Cleveland, OH,
17:11 PM

MetroHealth's Walter Jones Receives Architecture’s Highest Distinction


Daniel Burnham, Frank Gehry, I.M. Pei, … and now Walter Jones.

On February 21, the American Institute of Architects (AIA) bestowed its highest honor on MetroHealth’s Walter Jones when it elevated him to its College of Fellows, a distinction that only 3% of member-architects ever achieve.

Jones, who, as MetroHealth’s Senior Vice President of Campus Transformation, helped lead the system through the design, construction and opening of The Glick Center, was one of 73 AIA member-architects and three honorary international members – and the only one in Ohio – to be elevated to FAIA status in 2023.

The honor goes to experienced architects “who have achieved a standard of excellence in the profession and made a significant contribution to architecture and society on a national level.”

Jonesjoins a rare group of just a few thousand architects, a group that includes Burnham, who helped lay out downtown Cleveland and its mall with the Group Plan of 1903; Gehry, who designed the stunning Peter B. Lewis at Case Western Reserve University; and Pei, who designed the Rock and Roll Hall of Fame and Museum.

The process of achieving fellow status is arduous and competitive. Candidates must be sponsored and must submit comprehensive applications, letters of reference and detailed exhibitions of their work. A jury then judges the nominations in a half-dozen different categories, or “objects.”

Jones was honored in Object 4, which recognizes exceptional work and contributions in public service by ensuring “the advancement of the living standards of people through their improved environment … through leadership in the development of civic improvements and needed governmental projects, including such elements as conservation, beautification, land-use regulation, transportation, or the removal of blighted areas.”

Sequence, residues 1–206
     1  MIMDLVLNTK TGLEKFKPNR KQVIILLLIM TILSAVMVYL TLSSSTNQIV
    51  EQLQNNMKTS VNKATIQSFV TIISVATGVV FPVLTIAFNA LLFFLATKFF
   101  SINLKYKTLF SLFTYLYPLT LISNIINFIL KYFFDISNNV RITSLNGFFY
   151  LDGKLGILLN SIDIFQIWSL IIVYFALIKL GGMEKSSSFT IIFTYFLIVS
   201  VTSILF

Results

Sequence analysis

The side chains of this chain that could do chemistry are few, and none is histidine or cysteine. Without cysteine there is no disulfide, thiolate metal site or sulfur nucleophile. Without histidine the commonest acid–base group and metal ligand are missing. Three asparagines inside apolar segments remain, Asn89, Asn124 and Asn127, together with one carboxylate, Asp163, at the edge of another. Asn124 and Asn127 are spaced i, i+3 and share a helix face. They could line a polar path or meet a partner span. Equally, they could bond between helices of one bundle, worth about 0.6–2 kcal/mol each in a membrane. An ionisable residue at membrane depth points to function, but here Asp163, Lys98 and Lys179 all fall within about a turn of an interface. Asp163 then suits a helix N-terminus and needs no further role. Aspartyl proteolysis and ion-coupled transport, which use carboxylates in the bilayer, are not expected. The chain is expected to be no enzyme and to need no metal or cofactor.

“Nice is too small of a word to describe this,” says Jones, who retired at the end of 2022 but returned to MetroHealth in February as interim Senior Vice President/Facilities, Construction and Campus Transformation. “It is satisfying and humbling to know that my career has had lasting and significant impact on patients and the public.”

Most of Jones' three-plus decades as an architect and project manager have been spent serving health care organizations and their patients. Prior to arriving at MetroHealth in 2013, Jones led the design and construction of the new Parkland Hospital in Dallas, then the largest hospital construction project in North America. He’s also guided projects for Children’s Hospital of Atlanta (CHOA), Grady Memorial Hospital, Northside Hospital in Atlanta and more.

“I am grateful to so many people: my family, my colleagues, the workers who helped design and construct all these projects,” he says. “I look forward to continuing to ‘pay it forward’ by working with and mentoring young architects and designers.”

About the MetroHealth System

Founded in 1837, MetroHealth is leading the way to a healthier you and a healthier community through service, teaching, discovery, and teamwork. Cuyahoga County’s public, safety-net hospital system, MetroHealth meets people where they are, providing care through four hospitals, four emergency departments, and more than 20 health centers and 40 additional sites. Each day, our 8,000 employees focus on providing our community with equitable health care–through patient-focused research, access to care, and support services–that seeks to eradicate health disparities rooted in systematic barriers. For more information, visit